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Athletic training program faces potential injury

Athletic training program faces potential injury

Rocky Robinson

Kayla Wegman, junior athletic trainer, prepares athletes for practice on Tuesday. Wegman is one of 17 athletic training majors whose program could be discontinued.

Kayla Wegman, junior athletic training major, spends up to six hours a day wrapping ankles, performing therapy and prepping Emporia State athletes for practice and competition. But Wegman and the other student athletic trainers now question the future of their program. The Academic Affairs Committee submitted a recommendation that could potentially discontinue the program.

The recommendation came separate from the bulk program discontinuations that went through the Faculty Senate earlier this year. The Program Discontinuation Document was submitted April 3 to the Faculty Senate Executive Committee from the Academic Affairs Committee.

David Cordle, provost and vice president of Academic Affairs, said in a Faculty Senate meeting on Tuesday that it came in separately from the other program discontinuations because of “other factors that weren’t apparent at that time.”

“Athletic training and a number of other programs weren’t hitting those numbers (minimum graduation) at that time, but they weren’t missing them by so much (that) I felt discontinuation was not appropriate,” Cordle said. “Other factors, having to do with accreditation and staffing… prompted the dean’s (Ken Weaver, dean of the Teachers College) recommendation on this.”

Cordle said this recommendation is just the beginning of the conversation about discontinuance, but this has not stopped Leslie Kenney, athletic trainer, from making plans with the athletic department, lead by Kent Weiser, athletic director, if the recommendation goes through.

“We are calculating the cost of increasing the staffing to maintain the quality of care provided, but the student loss should be spread out over a couple of years,” Kenney said. “We would have a little buffer, but we don’t have an immediate answer.”

The athletic training program has two full-time staff members and three graduate assistants, who oversee the 17 undergraduates in the program, not including freshman currently trying to get into the program. Each individual undergraduate puts in an average of 1,200 hours over their academic careers in the training room, assisting ESU’s 385 athletes. The staff averages between 30-50 athletes per day, depending on the season.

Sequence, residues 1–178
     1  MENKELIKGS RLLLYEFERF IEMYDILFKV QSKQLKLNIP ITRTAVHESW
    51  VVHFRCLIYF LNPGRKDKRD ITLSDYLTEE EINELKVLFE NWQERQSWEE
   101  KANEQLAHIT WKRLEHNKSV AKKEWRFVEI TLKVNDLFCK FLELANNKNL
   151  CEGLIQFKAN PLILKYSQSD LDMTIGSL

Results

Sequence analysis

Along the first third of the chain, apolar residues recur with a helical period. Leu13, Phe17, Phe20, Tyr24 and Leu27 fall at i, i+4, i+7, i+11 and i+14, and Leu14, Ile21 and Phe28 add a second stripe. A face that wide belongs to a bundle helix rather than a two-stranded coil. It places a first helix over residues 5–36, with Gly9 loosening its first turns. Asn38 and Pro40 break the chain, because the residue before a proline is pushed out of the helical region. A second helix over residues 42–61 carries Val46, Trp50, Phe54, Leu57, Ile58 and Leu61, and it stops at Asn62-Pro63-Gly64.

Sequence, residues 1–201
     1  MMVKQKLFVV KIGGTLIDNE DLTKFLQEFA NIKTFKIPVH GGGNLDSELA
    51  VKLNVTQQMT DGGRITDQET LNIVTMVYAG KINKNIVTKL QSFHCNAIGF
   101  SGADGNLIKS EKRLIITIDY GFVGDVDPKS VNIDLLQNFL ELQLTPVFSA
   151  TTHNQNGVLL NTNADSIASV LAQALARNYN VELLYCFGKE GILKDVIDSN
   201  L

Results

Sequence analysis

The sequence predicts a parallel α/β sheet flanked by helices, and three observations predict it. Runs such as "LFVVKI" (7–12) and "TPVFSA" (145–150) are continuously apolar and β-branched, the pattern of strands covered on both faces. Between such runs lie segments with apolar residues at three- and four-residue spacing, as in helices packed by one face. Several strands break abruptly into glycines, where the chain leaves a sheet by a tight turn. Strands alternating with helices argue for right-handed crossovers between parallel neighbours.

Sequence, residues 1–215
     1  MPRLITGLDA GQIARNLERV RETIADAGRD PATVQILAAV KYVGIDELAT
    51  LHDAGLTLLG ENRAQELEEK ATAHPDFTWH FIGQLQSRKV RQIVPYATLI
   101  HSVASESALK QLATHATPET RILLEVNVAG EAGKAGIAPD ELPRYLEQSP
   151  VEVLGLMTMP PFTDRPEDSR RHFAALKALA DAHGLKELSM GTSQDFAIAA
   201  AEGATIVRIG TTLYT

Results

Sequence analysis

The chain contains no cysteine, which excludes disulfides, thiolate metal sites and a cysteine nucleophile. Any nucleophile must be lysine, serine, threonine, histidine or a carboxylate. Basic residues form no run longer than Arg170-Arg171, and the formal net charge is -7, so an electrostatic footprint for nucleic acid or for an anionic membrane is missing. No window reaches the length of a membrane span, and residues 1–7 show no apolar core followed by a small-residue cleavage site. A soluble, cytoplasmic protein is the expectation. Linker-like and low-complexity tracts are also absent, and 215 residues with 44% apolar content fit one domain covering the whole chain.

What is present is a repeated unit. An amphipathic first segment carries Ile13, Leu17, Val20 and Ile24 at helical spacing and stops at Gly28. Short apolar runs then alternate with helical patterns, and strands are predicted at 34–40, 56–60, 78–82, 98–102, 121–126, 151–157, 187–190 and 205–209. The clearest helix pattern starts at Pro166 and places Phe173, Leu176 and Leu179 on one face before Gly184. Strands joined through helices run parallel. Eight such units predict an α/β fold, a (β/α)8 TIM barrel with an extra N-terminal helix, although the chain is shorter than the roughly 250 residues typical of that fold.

“As an athlete, I feel like it is going to cause more problems,” said Carly Spicer, junior elementary education major and volleyball player. “We rely on them completely. I know on my team, we at least have 5 or 6 girls coming in every day.”

Bryan Sailer, head soccer coach, said he doesn’t like change and doesn’t think the administration should be “rocking the boat.” Sailer has players who visit the trainers daily, and even some athletic training majors, on his roster.

“I don’t have much of a say in the whole situation, but as long as my athletes receive the care and attention they need, I am okay with whatever is decided,” Sailer said.

Shortly after the recommendation was made public, support for the athletic program began sprouting up on campus and social media. A bandaged Corky has become the mascot, accompanied by the hashtag #SaveESUAthleticTraining. The recommendation did not sit well with some student athletes.

“If they discontinue it, I am going somewhere else,” Wegman said. “I don’t know where, but I would be gone.”

A program discontinuance hearing sponsored by the AAC is scheduled for 3:30 p.m. tomorrow in the Preston Family Room of the Memorial Union. The hearing will decide what goes into the Faculty Senate’s resolution. The resolution is set to be finished by April 22. The senate will have 30 days to vote and submit their written recommendations to Cordle and President Michael Shonrock.

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